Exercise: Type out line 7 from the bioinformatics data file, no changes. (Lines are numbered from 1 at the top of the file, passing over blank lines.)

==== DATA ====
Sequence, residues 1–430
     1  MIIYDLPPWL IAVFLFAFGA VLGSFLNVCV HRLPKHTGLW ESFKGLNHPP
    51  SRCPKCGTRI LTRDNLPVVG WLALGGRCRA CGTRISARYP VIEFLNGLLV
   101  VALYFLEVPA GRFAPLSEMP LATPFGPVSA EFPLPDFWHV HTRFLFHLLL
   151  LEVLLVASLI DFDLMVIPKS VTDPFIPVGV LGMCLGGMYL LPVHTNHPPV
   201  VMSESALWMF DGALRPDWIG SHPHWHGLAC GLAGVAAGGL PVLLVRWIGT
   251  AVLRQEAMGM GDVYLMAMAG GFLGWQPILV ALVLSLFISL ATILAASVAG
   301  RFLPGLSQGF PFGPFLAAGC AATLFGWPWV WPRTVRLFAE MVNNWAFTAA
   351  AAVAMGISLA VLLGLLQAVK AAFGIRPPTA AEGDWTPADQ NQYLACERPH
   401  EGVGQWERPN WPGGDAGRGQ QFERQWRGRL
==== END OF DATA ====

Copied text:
   251  AVLRQEAMGM GDVYLMAMAG GFLGWQPILV ALVLSLFISL ATILAASVAG